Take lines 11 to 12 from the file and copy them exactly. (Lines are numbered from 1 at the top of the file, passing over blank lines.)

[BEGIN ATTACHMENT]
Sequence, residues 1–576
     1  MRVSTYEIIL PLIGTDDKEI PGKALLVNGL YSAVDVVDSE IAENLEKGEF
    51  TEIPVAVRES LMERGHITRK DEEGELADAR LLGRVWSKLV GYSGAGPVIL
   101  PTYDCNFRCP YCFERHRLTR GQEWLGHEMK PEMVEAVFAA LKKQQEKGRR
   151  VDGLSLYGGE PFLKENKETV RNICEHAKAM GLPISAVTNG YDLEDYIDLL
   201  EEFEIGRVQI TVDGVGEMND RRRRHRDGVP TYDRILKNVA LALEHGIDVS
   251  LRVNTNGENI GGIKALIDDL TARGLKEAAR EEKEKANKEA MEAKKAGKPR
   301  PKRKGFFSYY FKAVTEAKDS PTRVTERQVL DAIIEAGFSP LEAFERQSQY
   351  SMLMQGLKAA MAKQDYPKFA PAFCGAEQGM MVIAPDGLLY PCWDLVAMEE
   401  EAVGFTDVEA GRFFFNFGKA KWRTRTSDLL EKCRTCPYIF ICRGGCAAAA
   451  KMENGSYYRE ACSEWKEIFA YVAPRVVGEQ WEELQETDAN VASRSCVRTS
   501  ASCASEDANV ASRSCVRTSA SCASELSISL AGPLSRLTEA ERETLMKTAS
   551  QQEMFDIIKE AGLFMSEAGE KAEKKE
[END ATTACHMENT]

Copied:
   451  KMENGSYYRE ACSEWKEIFA YVAPRVVGEQ WEELQETDAN VASRSCVRTS
   501  ASCASEDANV ASRSCVRTSA SCASELSISL AGPLSRLTEA ERETLMKTAS